COVID rates plunge in Michigan nursing homes following vaccinations
Widespread vaccinations at Michigan’s nursing homes and other long-term care facilities for senior citizens have helped cause a steep decline in coronavirus cases.
Among nursing-home residents, the drop is massive — a 91 percent decrease in weekly coronavirus cases from Dec. 28 until Monday.
That decline, and an 83 percent decrease among staff, far exceeded the state’s overall 65 percent decline in coronavirus infections over that time — trends that could add to the growing proof of the vaccines’ effectiveness.
“I think vaccines had a huge role to play,” said Dr. Teena Chopra, a professor of infectious diseases at Wayne State University who leads infection control for the Detroit Medical Center’s eight hospitals.
It’s welcome news because nursing homes and other facilities for seniors have accounted for 37 percent of the state’s COVID-19 deaths since the pandemic began in March 2020.
Of the 15,273 confirmed deaths, 5,515 have been residents at long-term care facilities. Another 79 employees at those facilities have died from COVID-19.
When vaccinations began, the state worked with CVS and Walgreens to bring the vaccine to hundreds of nursing homes, homes for the aged and other senior citizen facilities. Since late December, just over 200,000 doses have been administered to residents and staff at those facilities.
That week, the state reported that there were 827 new coronavirus infections among residents and 738 among staff. On Monday the state reports 73 new cases among residents and 125 among staff
State officials told Bridge the vaccines are part of the reason for the decline, noting that the state’s “pause” on indoor dining and other activities from mid-November until earlier this year also helped push cases down across the state.
On Dec. 1, the state averaged 6,500 cases a day and 13 percent of all coronavirus tests were positive. The state is now averaging 850 cases a day and just over 3 percent of tests are positive.
“Getting Michigan’s long-term care residents vaccinated is a high priority as we know this is the best way to protect this vulnerable population,” said Lynn Sutfin, a spokesperson for the Michigan Department of Health and Human Services.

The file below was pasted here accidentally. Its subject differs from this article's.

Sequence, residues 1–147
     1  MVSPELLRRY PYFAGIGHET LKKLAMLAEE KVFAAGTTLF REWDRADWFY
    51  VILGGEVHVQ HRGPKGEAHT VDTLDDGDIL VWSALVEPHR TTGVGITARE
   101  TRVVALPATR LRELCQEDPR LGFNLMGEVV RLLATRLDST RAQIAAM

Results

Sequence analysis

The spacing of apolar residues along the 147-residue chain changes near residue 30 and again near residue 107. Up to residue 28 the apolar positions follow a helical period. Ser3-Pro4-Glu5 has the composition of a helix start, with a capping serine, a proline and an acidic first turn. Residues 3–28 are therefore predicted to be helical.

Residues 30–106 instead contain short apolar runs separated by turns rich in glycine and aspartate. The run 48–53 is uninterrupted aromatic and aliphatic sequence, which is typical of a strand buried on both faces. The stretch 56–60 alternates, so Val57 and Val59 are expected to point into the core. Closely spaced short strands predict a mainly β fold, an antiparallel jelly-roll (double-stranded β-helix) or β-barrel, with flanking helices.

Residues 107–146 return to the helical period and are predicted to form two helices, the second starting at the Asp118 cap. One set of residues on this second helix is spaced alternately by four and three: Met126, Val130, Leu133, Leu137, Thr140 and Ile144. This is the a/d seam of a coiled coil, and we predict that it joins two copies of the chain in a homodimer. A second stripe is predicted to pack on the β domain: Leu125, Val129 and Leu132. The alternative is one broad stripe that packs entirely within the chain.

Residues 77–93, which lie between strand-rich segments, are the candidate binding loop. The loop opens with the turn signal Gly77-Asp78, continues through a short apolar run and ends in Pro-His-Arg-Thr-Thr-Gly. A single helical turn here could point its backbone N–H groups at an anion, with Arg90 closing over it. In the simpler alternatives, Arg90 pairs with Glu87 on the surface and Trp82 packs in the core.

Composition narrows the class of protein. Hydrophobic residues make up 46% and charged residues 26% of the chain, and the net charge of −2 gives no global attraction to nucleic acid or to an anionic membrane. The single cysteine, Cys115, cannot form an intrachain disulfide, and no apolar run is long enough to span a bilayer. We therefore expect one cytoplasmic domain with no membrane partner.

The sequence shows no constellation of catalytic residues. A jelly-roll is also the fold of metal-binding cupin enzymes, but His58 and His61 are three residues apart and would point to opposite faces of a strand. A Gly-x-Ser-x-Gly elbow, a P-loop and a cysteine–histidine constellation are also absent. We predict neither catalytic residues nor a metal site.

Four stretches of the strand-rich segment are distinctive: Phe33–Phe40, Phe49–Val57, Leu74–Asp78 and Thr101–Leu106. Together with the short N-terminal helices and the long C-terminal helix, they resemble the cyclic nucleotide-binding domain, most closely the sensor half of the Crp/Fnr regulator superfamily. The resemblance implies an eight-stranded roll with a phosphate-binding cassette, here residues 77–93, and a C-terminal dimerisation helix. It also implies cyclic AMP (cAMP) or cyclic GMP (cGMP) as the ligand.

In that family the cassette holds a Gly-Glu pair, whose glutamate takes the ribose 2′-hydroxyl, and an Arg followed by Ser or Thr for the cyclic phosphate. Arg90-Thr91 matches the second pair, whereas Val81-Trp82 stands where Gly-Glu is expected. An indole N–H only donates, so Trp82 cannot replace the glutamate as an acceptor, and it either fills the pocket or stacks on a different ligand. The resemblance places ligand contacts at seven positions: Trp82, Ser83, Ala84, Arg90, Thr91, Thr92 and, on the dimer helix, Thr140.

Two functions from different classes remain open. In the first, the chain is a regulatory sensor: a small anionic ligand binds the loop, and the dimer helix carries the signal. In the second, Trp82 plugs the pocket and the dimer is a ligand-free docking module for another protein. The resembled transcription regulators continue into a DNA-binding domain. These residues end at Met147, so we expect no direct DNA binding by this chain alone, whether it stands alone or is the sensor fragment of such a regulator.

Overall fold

“We feel vaccinations are also playing a role, however, not all residents and staff have received both doses, so at this time we can’t say how much they are contributing to the decline.”
So far, more than 1.2 million people in Michigan have gotten one dose of the vaccine and of those another 652,000 have gotten both doses, representing 15 percent of all people 16 years old and older and 37 percent of those 65 and older.
Studies out of Israel have shown that vaccines have pushed down infection rates, especially among the elderly, who were among the vaccine priority groups there as they are in the United States.
According to one study, infections among people 60 and older— 90 percent of whom had gotten the vaccine — fell 41 percent. Those under 60 years old, 30 percent of whom had the vaccine, saw cases drop just 12 percent.
Chopra said the data out of Israel and from Michigan’s nursing homes is proof the move to vaccinate older Americans first was the correct decision. In Michigan, 90 percent of all deaths have occurred among people 60 years old and older.
But beyond limiting the number of infections, it appears the vaccine is also minimizing the impact of new infections on people who have had the vaccine but are not yet completely immunized.
Dr. Raza Haque, director of the geriatrics division within the Michigan State University College of Human Medicine, said he saw three nursing home residents last week who had had the vaccine but contracted COVID-19.
Each had other health issues that would make them more vulnerable to COVID-19 but he said each just suffered mild symptoms, which is one of the benefits of the vaccine.
Bringing down cases at nursing homes has come at a cost, however, including strict limits on most face-to-face visitations with family. Haque said he hopes the decline in cases, aided by the impact of vaccinations, will allow the state to ease those restrictions and allow families to see — and touch — their loved ones.
“That would be helpful,” he said. “And I think the vaccine is on the reasons we can talk about (allowing face-to-face contact).
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